1.  The Act defines a supervisor as “any individual having authority, in the interest of the employer, to hire, transfer, suspend, lay off, recall, promote, discharge, assign, reward, or discipline other employees, or responsibly to direct them, or to adjust their grievances, or effectively to recommend such action, if in connection with the foregoing the exercise of such authority is not of a merely routine or clerical nature, but requires the use of independent judgment.” 29 U.S.C. § 152(11).

2.  Unless otherwise indicated, all citations to the Code of Federal Regulations refer to the version in effect at the time the described events took place.

3.  If there is simultaneously pending an unfair labor practices (ULP) proceeding, the RD “may consolidate the [representation] hearing ․ before an administrative law judge” instead of an HO. 29 C.F.R. § 102.69(c)(1)(ii) (2015); id. § 102.33(a), (c) (2010).

4.  Although the Board's General Counsel (GC) exercises ultimate authority over the prosecution of a ULP complaint, see 29 U.S.C. § 153(d), the RD plays a substantial role in the process. For example, the ULP charge is generally filed with the RD of the region in which the alleged ULP has occurred or is occurring. 29 C.F.R. § 102.10. The RD then investigates to determine whether a complaint should issue. The investigation may be “as simple as ascertaining whether certain statements were made ․ [o]r, the case may be as complex as ascertaining whether the parties' overall conduct over the course of protracted contract negotiations violated [the Act].” See Nat'l Labor Relations Bd. Casehandling Manual, Pt. 1, Unfair Labor Practice Proceedings § 10050 (2015). The charging party must, inter alia, meet with Board agents and comply with any reasonable request necessary to complete the investigation. See id . § 10054.1. If the charging party delays presentation of evidence without cause, the charge is “subject to dismissal for lack of cooperation.” Id. If the charging party's evidence presents a “prima facie case,” the charged party “should be contacted to provide additional and more complete evidence.” See id. § 10054 .4. The RD issues a complaint if “it appears ․ that formal proceedings in respect [of the charge] should be instituted” and sets a hearing before an administrative law judge (ALJ). 29 C.F.R. § 102.15. At this point, the GC prosecutes the complaint.

5.  The RD excluded the two nurses from the bargaining unit. See Reg'l Dir.'s Decision and Direction of Election at 23 n. 12.

6.  On December 30, 2010, Salem abandoned Objection 17 by letter to the RD.

7.  All subsequent dates occurred in 2011 unless otherwise noted.

8.  The consolidation occurred because there was a pending ULP complaint against Salem based on charges the Union made. It withdrew the charges before the hearing began. See Union's Mot. for Special Permission to Appeal at 2 n. 5; Salem Hosp. Corp., & Health Prof'ls & Allied Emps., JD–14–11, 2011 WL 1043489 (Mar. 23, 2011). It is, however, unclear whether Board procedure was followed when the ALJ continued to hear the representation case. Board rules direct that an HO conduct a hearing on objections to an election. 29 C.F.R. § 102.69(d); cf. 29 C.F.R. § 102.69(c)(1)(ii) (2015) (“[E]xcept that the regional director may consolidate the hearing concerning objections and challenges with an unfair labor practice proceeding before an administrative law judge.”). By the time the hearing set for February 22nd occurred, the ULP complaint had been withdrawn. The rules authorize the RD to sever a previously consolidated case, 29 C.F.R. § 102.33(a)(4), (c), and, presumably, assign the representation hearing to an HO and the ULP proceeding to an ALJ. Here the RD instead allowed the remaining representation hearing to proceed before the ALJ.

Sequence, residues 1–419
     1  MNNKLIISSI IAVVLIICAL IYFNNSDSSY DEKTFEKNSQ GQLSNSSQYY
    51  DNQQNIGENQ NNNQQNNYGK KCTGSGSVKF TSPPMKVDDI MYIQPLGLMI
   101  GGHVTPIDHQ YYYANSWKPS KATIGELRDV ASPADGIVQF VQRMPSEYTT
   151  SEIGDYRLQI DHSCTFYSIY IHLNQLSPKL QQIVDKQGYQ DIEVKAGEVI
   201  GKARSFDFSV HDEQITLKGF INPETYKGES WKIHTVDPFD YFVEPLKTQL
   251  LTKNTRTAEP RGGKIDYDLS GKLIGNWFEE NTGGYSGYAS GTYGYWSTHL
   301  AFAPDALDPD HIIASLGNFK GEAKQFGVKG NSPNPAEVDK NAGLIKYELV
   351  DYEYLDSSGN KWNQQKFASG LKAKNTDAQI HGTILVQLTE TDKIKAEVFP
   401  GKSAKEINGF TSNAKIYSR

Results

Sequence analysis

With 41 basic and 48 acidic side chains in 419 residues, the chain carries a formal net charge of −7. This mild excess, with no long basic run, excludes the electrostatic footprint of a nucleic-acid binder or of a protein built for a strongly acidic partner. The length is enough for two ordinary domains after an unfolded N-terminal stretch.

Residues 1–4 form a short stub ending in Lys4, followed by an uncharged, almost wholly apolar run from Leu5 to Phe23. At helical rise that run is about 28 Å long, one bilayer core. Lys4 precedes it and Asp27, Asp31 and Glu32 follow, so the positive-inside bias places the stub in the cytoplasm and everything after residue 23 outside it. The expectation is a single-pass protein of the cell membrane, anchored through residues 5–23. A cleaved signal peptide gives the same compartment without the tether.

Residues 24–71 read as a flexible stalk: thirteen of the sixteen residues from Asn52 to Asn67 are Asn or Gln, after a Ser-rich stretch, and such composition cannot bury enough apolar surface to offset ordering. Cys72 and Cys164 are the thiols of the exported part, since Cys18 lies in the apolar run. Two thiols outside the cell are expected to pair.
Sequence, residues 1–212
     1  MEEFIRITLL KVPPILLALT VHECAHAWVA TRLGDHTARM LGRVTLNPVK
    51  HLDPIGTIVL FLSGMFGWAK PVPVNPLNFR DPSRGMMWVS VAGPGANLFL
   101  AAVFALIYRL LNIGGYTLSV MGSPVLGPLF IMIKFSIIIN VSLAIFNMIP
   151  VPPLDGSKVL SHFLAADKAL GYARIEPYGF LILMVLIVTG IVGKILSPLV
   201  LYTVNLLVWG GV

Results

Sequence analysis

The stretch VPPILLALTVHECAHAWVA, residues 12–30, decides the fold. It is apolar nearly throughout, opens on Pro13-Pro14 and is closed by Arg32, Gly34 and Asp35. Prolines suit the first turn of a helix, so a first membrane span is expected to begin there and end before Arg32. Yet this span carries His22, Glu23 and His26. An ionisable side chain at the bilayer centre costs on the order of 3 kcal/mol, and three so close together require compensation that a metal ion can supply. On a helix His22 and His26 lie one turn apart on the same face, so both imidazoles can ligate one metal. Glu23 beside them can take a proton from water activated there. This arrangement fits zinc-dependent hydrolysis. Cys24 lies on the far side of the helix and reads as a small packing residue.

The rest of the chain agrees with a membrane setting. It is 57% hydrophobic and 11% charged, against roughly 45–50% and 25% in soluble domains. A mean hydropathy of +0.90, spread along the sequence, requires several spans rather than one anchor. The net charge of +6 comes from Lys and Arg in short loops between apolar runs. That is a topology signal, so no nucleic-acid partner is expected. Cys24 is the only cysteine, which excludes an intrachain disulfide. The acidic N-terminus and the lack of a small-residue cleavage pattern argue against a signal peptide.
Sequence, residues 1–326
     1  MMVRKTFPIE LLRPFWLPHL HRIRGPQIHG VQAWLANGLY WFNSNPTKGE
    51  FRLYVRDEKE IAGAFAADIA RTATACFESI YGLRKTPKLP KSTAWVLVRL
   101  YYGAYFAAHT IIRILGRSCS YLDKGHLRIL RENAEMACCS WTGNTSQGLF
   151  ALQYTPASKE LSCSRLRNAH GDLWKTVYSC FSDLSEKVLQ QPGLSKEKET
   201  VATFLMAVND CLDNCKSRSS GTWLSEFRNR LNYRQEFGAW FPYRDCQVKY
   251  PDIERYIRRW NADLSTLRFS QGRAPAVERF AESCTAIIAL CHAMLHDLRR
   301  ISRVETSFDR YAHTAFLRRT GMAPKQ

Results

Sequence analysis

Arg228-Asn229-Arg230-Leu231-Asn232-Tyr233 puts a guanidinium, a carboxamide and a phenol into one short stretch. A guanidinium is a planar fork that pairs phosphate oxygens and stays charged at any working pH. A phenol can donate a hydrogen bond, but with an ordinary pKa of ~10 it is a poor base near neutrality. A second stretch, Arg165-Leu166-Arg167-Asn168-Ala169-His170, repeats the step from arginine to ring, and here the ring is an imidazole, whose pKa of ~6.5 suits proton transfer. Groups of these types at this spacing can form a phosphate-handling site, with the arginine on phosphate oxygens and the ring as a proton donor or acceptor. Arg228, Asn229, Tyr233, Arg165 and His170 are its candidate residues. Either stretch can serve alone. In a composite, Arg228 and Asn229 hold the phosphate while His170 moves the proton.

9.  Although it is unclear from the record, Salem claims that it “filed with the Board timely Exceptions to [the ALJ's] decision,” Pet'r Br. at 14 (emphasis added); Employer's Br. in Sup. of its Exceptions to the Rec. Dec. of Administrative Law Judge Earl E. Shamwell, Jr., at 1, and indeed, the Board ruled on them. Parenthetically, the rules now direct that exceptions to a post-election representation hearing order must be filed with, and ruled on by, the RD. 29 C.F.R. § 102.69(c)(iii) (2015) (“Any party may, within 14 days of the issuance of such report, file with the regional director ․ exceptions to such report. ․ The regional director shall thereupon decide the matter upon the record or make other disposition of the case.”). An appeal may then be taken to the Board. Id. § 102.69(c)(2) (“The decision of the regional director ․ shall be final unless a request for review is granted [by the Board].”). Granted, exceptions to an ALJ's ULP ruling are filed directly with the Board, id.; 29 C.F.R. § 102.46 (2015), but the Union had dropped its ULP complaint, see supra n. 8.

10.  Under recent Board precedent, Salem also challenges the validity of the regulation—29 C.F.R. § 103.30(a)—pursuant to which the Union was certified. Because Salem did not press its argument in the proceedings before the Board, however, it is forfeited. See 29 U.S.C. § 160(e) (“No objection that has not been urged before the Board ․ shall be considered by the court.”). Moreover, we reviewed the challenged regulation in San Miguel Hosp. Corp. v. NLRB, 697 F.3d 1181 (D.C.Cir.2012), and upheld it against an identical challenge.